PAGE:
Bottled water is having a moment. And not in a good way. Plastic water bottles are among the most common pieces of ocean trash, contributing to the more than eight million tons of plastic dumped into the oceans each year. Cans and glass aren't much better; according to the EPA, while 75 percent of our current waste stream is recyclable, only about 30 percent is properly recycled.
Millions of people have cut back on single-serve beverages to help do their part for the planet, but they still make exceptions for “value-added” products, like sparkling water. But a recent Consumer Reports investigation may change that.
The report shows high levels of PFAS, also known as “forever chemicals” because they can persist in the body, in a number of popular sparkling water brands. The findings show they may not be the best choice for your health or the planet. So, should you still drink sparkling water?
What are PFAS Chemicals?
Per- and polyfluoroalkyl substances (PFAS) are chemicals that include PFOA, PFOS, and GenX, among thousands of others. Developed in the 1940s, PFAS chemicals quickly became a popular choice in the manufacturing of nonstick cookware. Even if you avoid coated cookware (like Teflon, see our Guide to Non-Toxic Cookware to Keep Chemicals Out of Your Food ) these days, you're likely, and possibly frequently, exposed to PFAS. For example, if you've ordered any takeout food in the last eight months (who hasn't?), they’re often found in coated takeout containers like pizza boxes. They’re also used in firefighting foam, water- and stain-resistant textiles and materials, and various other protective coating applications.
Water supplies, especially those located near industrial facilities that use or produce PFAS, carry a higher risk of contamination, but most of the country is incredibly vulnerable, as PFAS contamination levels are still not regulated. As many as 110 million Americans may be exposed to PFAS in their drinking water. That’s more than 30 percent of all Americans at risk. According to Consumer Reports, tests have found PFAS in more than 1,400 municipal water supplies in 49 states.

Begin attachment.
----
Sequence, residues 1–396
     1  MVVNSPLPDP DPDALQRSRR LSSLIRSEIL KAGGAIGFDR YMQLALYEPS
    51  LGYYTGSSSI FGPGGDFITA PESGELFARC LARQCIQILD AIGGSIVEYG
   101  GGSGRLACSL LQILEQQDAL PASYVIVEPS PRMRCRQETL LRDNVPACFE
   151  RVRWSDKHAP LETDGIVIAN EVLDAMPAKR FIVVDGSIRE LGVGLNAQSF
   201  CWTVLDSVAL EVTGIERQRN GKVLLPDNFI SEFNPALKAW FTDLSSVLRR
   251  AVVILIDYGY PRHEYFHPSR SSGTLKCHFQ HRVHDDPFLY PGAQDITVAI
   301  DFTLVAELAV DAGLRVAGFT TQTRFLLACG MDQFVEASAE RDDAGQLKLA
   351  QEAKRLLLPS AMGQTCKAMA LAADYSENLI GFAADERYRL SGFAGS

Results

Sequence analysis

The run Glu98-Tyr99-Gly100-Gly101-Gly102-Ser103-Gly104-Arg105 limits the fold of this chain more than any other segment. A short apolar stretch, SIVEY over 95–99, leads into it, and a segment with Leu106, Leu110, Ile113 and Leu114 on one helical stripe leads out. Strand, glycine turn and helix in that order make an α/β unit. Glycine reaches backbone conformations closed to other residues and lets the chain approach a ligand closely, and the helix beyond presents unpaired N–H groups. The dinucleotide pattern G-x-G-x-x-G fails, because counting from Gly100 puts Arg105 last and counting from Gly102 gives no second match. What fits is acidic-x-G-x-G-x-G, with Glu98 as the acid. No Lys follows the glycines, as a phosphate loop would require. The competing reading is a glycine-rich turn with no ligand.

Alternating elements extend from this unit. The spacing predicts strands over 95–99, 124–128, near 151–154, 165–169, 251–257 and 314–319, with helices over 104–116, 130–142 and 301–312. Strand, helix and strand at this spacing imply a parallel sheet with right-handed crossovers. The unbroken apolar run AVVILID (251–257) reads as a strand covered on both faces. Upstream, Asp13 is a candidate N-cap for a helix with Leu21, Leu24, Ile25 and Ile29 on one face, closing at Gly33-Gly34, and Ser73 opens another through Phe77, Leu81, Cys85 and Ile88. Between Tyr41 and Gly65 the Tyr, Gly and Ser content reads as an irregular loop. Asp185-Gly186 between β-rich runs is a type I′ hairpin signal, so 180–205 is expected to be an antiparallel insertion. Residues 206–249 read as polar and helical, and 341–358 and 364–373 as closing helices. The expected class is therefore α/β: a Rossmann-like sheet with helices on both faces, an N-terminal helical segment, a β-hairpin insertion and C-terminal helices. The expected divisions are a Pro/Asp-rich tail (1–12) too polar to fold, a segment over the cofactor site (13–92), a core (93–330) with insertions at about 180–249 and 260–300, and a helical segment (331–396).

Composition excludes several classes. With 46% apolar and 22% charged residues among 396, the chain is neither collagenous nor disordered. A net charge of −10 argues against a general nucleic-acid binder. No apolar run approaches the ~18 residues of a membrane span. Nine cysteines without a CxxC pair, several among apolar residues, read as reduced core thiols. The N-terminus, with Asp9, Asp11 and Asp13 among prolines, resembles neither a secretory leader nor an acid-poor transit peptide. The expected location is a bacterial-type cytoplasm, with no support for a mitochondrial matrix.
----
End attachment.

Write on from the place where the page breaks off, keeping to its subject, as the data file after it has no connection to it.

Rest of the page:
The harmful chemicals are found in food, either by exposure to packaging made with the chemicals or by way of contaminated soil and water. They’re also present in household products, various cleaning products, waxes, and polishes. Likewise, they can be found in certain work environments, where they’re used in manufacturing.
According to Dr. Abe Malkin, Founder and Medical Director of Concierge MD LA, the EPA has been investigating the risks of PFAS in water since the 1990s without formally regulating them.
“Exposure to high levels of PFAS can have an adverse effect on the immune system,” he says, pointing to risks such as hormone interference, increased cholesterol levels, and elevated risks of certain cancers. And this is no surprise to companies producing them. While the general public wouldn’t know of the health risks connected to PFAS for decades, documents show manufacturers including DuPont and 3M were aware of the hazards as early as the 1960s but failed to alert the public to the risks. By the 1990s, PFAS manufacturers knew that exposure could cause some forms of cancer.
PFAS In Your Sparkling Water
In September, Consumer Reports released the results of tests it ran on sparkling and non-sparkling water brands to determine the trace amounts of heavy metals and PFAS chemicals. A dozen sparkling brands were tested including best-sellers Dasani, San Pellegrino, Perrier, and La Croix.
While the samples for sparkling water all fell below the recommended limits for heavy metals, the PFAS levels raised some concerns, and according to the tests, sparkling waters were more likely to test positive for PFAS than the flat water samples. Brands that tested above 1 ppt (part per trillion) included Perrier, La Croix, Canada Dry, Poland Spring, Bubly, Polar, and Topo Chico.
But how did the chemicals get there?